BOSTON (CBS) – The Massachusetts Clean Energy Center mistakenly wired $93,679 in public funds to a criminal’s bank account, according to a new report by the state auditor.

The quasi-state agency is yet another victim of a sophisticated cyber scam highlighted in a WBZ I-Team story in May.

The scheme is responsible for $5 billion in losses globally and targets everyone from big businesses to individual homeowners. As the I-Team previously reported, the Town of Brookline nearly lost taxpayer money to the scam last year.

According to the audit by State Auditor Suzanne Bump, leaders at the MassCEC were slow to report the fraudulent transfer to law enforcement and their board of directors. As a result, the agency only recovered $25,261 in stolen funds.

A spokesman for MassCEC told the I-Team the agency has since taken a number of steps to prevent future issues including requiring all employees to take an annual IT security training course and implementing additional controls around verification of wire transfers.

“The Massachusetts Clean Energy Center takes seriously its responsibility as a steward of public funds and, upon discovering a fraudulent wire transfer in February 2017, immediately engaged in a comprehensive internal review and implemented a number of new processes designed to identify fraudulent activity and prevent theft,” read a statement from MassCEC spokesman Craig Gilvarg.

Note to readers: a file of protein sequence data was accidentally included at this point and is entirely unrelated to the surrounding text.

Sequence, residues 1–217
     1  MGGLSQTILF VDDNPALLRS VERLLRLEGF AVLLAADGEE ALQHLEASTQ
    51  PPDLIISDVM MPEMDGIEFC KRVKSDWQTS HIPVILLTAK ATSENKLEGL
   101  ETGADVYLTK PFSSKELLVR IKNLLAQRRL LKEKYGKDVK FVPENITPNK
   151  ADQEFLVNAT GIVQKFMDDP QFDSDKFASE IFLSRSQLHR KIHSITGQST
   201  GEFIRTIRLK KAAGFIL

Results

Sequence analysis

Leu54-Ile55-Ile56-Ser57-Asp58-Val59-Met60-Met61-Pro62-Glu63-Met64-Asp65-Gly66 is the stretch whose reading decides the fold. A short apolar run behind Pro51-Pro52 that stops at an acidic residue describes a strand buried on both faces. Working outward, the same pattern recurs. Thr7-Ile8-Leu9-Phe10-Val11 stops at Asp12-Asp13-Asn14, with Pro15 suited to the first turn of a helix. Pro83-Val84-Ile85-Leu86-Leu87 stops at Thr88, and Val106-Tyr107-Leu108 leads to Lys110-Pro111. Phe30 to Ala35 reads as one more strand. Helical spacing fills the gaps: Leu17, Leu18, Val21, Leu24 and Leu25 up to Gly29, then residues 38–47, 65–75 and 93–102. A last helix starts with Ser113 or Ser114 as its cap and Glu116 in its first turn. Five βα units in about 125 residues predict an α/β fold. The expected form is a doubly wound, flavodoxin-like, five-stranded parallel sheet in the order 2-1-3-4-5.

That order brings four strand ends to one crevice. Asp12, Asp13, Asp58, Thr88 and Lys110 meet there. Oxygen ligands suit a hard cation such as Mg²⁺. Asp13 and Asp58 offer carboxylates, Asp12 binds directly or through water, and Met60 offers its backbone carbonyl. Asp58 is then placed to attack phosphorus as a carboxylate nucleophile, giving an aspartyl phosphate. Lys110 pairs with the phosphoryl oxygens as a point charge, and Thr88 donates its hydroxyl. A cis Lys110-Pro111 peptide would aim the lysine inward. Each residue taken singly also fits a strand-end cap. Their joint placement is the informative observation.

The MassCEC uses the proceeds of the Renewable Energy Trust to fund its operations. That account is funded through a surcharge paid by utility company ratepayers.

The scam can be successful because it targets people’s tendency to only communicate via email. Online hackers lead victims to believe they are communicating with their boss, a title company, or a home contractor. The criminal then sends payments instructions for a fraudulent bank account.

For instance, a Bourne homeowner thought he was speaking with his contractor about a basement renovation project, and lost $10,000.

The FBI said the easiest way to avoid becoming a victim is to verify wire transfers over the phone or in person before sending the money.

Ryan Kath can be reached at rkath@cbs.com. You can follow him on Twitter or connect on Facebook.

Comments (6)
  1. Whomever WIRED, AUTHORIZED, and DID the transfer should have to reimburse it out of their own funds or be fired. Their choice. Lack of brains doesn’t mean taxpayers should continue to fund these people’s salaries.

  2. That’s one reason to take a hard look at funding requests from “quasi-state agencies” based on return to their investors. If they waste taxpayer money through negligent acts like this perhaps their returns should be less than average, and their investors can determine what action to take in response.

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